A will is more than a formal written legal document setting forth how you would like your property handled at death. In your will, you can also specify guardians to take care of your minor children, establish trusts for your children's benefit and reduce or eliminate federal estate taxes. Although you may use a "will kit" to try and draft your own will, the size of your estate, your asset composition and the complexity of federal and state laws, may make it far too risky to attempt drafting a will without an attorney. If you should make a mistake in drafting your own will, you bear the risk that a court might declare your will invalid.
Your estate includes all the property that you own at the time of your death. Through your will you can give away any property you own at the time of your death. There could be certain assets that you own that may pass outside of your will, by way of a beneficiary designation, such as your retirement plans, life insurance, bank accounts and living trust assets or property subject to a contract. You may also own property that will automatically pass to another individual regardless of your will.
Who Needs a Will
Whether you are married, single, have minor children or own even a nominal amount of personal assets or property, you should have a will. In fact, every eligible adult should have a will or other means to control the disposition of his or her assets. Even people that have living trusts should consider preparing a will because, without a will, any property not named in the living trust will pass according to state law, not necessarily in accordance with a person's wishes. Moreover, when a person dies without a will, the state will distribute his or her property according to a preset formula, excluding friends, unmarried partners, charities and distant relatives. To create you only need to be "of age" and of "sound mind".
For a will to be valid it must be prepared in accordance with specific procedures set forth in the state law where it was created, usually it must be witnessed and signed. For example, under certain circumstances, a court may find that a will is invalid because it was not witnessed properly, thereby causing assets to pass according to the state's intestate laws. In other words, the state would decide how the property would be distributed, possibly even to unintended heirs, and would make no special provisions for personal property such as jewelry or family heirlooms.
If you have minor children, your greatest concern may not be who gets your assets, but rather, who will take care of your children. The courts are given broad discretion to determine who will take care of minor children if both parents die or if the surviving parent is unavailable. Even though the court has the ultimate authority to appoint a guardian, a will is one way to tell the court who you want to raise your children.
Further, a will should set forth what assets your children will receive, how the assets will be distributed, and who will mange the assets until such time as your children are able to manage the assets themselves. Fortunately, a will affords you many options to control the disposition of assets to your children if you should meet with an untimely death. Through a will, you can leave instructions on how the property will be held and who will act as the guardian, trustee or custodian of that property. By establishing a trust for your children in your will or a revocable trust during your life, you can even condition when and how they will receive benefits.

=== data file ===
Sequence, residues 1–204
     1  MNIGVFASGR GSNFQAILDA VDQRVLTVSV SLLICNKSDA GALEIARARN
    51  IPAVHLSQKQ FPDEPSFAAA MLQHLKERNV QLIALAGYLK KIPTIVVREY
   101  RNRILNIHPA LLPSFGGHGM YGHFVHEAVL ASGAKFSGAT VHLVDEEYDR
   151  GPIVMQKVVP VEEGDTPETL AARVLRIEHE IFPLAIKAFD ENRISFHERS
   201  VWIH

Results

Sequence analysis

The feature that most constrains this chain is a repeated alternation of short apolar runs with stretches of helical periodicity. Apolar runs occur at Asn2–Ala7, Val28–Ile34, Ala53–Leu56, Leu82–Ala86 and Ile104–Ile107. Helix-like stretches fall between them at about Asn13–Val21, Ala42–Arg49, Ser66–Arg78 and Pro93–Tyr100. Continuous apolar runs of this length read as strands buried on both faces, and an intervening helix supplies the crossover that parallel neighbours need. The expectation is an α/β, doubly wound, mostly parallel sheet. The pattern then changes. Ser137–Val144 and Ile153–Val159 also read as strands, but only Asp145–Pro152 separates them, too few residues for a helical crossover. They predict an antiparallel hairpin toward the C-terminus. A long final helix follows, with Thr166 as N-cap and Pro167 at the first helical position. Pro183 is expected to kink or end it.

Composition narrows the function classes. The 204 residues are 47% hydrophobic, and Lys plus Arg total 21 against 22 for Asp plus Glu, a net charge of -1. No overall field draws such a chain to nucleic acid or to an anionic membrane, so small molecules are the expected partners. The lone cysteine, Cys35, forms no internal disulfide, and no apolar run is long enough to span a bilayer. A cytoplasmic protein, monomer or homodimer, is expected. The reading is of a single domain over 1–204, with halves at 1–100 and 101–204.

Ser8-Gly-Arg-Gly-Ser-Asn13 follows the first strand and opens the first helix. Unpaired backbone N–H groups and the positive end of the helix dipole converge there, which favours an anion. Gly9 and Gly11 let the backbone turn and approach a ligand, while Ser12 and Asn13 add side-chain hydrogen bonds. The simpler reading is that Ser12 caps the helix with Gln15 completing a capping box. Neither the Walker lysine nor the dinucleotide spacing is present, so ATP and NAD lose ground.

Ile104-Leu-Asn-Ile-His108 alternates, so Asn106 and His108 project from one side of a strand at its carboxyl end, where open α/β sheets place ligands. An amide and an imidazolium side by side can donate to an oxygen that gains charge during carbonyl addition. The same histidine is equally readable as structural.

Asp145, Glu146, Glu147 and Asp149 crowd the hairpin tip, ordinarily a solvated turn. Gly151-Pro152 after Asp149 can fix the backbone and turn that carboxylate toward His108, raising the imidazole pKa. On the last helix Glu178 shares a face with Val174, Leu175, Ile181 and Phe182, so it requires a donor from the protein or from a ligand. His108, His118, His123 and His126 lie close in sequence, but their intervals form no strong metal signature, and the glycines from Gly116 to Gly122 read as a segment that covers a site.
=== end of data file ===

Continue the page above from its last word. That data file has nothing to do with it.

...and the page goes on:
Your Personal Representative
A personal representative is responsible for making sure property is distributed according to the deceased person's wishes. A personal representative can be an attorney, an accountant or someone that you otherwise trust to handle your personal affairs. People often name their spouses, a competent relative or trusted friend as personal representative of their estate. An alternative personal representative should always be named, in the event that your original choice elects not to serve. If you fail to name a personal representative, the court will appoint one for you.
Will Requirements in California
If a will is valid in the state where it was created, California Courts will almost always consider it valid. In California a formal will must be signed by the testator and at least two witnesses. California has created a statutory form will, you can fill in the blanks. California also recognizes holographic wills, a will all in the testator's own writing and signed by the testator. In California wills need not be notarized.
Although you can legally prepare your own will, you risk having a court declare it invalid. Because the laws that govern wills are very complex, it is best to have a lawyer prepare your will. If you have minor children, are a business owner or are concerned with federal and state taxation of your estate, it may well be worth the cost of having a more complex will prepared or a revocable trust. Think of it in terms of the costs you save by having exercised the tax credits you may be entitled to under federal and state law. Finally, your will gain peace of mind knowing that your minor children will be taken care of according to your wishes.
John Calvin Jarboe's Will Drafting Expertise
As an Estate Planning Attorney John has helped hundreds of clients create wills for their estate plans to meet their unique needs. If you want the peace of mind that comes from knowing your wishes will be carried out, call Toll Free 1-888-475-3111 in San Diego County, 619-440-0052 outside San Diego County, or Email Jarboelaw@aol.com to schedule a free consultation.